You can still do hands-on using a video conferences tool. Students can build numbers and show you. They can write a letter and show you. And they can build their hand muscles.
Also, if you want your students to be able to do something digitally, give them video support. (My grade level is using Seesaw.) Show your students and families what to do, literally. Before we hosted our student kit pick-up, we filmed a quick video showing students what to do with their kits. This helps them to know what is in their kits and to keep these kits safe.
Then, after student pick-ups, we sent home how-to videos showing students how to turn on devices, sign onto their school devices, how to use their school devices, and how log into Seesaw, our learning platform.
4. Teaching Live
Now, you need to plan for how you will be to teach life. Play around with the video platform you will be using and click everywhere. Ask other teachers to join to practice sharing your screen or materials. Practice talking into the camera so your students feel connected to you.
Also, plan for HOW you will see students. Zoom does a great job of showing everyone, well everyone in their class. If you use Google Meet, check out the free extension called Google Meet Grid. You need to make sure YOU as the teacher can see all your students while teaching them.
You will be better at teaching life, viewing students, engaging your learners, and teaching overall the more you practice… so practice as often as possible. This will also help you if you are allowed to record or film yourself to share with your students.
You can also check out my simple and effective virtual learning printables. I included a class book, signs to use for virtual teaching, and even a pocket chart sorts to lead a discussion on what YOU need from your students and to set up some expectations.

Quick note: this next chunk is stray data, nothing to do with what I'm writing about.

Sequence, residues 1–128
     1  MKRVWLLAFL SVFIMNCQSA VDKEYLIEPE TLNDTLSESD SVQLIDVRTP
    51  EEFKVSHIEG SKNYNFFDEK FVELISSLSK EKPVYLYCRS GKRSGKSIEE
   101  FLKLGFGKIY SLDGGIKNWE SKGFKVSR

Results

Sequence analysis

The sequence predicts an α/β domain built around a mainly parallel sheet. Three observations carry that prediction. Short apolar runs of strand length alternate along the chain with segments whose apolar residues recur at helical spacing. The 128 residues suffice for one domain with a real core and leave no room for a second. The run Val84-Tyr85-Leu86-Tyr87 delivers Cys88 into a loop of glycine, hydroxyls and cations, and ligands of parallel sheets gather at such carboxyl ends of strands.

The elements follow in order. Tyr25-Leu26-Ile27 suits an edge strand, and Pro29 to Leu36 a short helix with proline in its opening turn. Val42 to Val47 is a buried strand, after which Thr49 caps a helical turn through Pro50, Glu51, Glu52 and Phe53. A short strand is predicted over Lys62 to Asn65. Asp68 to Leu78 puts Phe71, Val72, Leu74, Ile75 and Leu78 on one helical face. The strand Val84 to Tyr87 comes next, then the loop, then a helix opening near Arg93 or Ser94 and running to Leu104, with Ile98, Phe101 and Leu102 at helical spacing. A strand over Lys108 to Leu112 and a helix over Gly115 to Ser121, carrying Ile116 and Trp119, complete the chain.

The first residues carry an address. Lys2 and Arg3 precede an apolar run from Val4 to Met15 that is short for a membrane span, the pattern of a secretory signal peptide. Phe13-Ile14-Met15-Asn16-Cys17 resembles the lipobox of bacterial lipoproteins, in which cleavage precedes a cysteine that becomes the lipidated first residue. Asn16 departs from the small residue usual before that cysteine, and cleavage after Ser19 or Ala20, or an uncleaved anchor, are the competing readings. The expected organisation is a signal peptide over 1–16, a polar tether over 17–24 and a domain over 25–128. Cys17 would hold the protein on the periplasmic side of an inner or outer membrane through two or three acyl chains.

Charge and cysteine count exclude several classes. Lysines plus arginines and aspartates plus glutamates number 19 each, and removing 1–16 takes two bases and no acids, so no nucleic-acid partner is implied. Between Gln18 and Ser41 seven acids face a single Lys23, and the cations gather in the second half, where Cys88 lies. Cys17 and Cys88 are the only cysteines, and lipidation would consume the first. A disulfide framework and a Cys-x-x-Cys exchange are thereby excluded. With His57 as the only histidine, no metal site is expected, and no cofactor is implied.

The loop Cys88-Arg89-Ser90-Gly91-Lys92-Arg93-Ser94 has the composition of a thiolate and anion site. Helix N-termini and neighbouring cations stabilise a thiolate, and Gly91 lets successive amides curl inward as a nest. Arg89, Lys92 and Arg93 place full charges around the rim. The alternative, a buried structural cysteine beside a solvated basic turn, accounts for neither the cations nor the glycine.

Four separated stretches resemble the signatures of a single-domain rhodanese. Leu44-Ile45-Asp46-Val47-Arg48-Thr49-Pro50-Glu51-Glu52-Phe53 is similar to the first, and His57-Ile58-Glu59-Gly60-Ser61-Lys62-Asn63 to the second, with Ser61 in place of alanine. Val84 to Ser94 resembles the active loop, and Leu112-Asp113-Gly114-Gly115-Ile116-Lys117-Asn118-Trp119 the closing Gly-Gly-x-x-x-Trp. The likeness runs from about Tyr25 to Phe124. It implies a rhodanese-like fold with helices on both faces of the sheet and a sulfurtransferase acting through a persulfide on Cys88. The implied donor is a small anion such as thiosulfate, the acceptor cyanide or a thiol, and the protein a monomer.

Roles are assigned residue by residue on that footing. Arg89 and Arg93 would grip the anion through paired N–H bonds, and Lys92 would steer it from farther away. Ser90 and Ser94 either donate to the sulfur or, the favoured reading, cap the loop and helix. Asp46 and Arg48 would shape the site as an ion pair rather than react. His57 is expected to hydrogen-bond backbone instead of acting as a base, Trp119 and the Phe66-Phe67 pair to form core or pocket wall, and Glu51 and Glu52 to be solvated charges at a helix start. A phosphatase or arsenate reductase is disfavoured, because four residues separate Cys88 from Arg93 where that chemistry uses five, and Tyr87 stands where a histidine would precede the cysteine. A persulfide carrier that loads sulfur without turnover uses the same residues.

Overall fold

5. Allow Your Student Independent Activities
One of the main goals to teach students how to do in Kindergarten is to work on tasks independently. My team felt this skill was still something we could and should address as soon as possible. Giving young students simple tasks with paper, dry-erase boards, and math manipulatives is a normal aspect of Kindergarten regardless of the location.
When we assign these tasks, we know students are still going to need our support. Therefore, for the first several days of virtual learning, we will be having a video chat open during independent learning time to help anyone who may need our help.
6. Giving Grace and Understanding
I can not say this loud enough or enough times. Pick your battles. Give grace and understanding. Teachers will be working harder than ever. Parents will be working harder than ever. Be the first to give grace, say a kind word, and go above for a family.
In the Spring, I had 17 students show up to online learning regularly and participate in digital learning activities. I worked with every family I could to set them up for success and to reach their learner.
This fall, I plan to do the same. First, I am going to work hard to encourage families and work with those who need support. Then, I will be giving grace and asking for grace. And constantly, I will be speaking kindly and treating families the way I want to be treated as a working mom myself.
Finally, I am going to laugh, smile, encourage, and motivate… because my biggest plan for virtual teaching isn’t teaching… it is REACHING these little learners so that I can really teach them.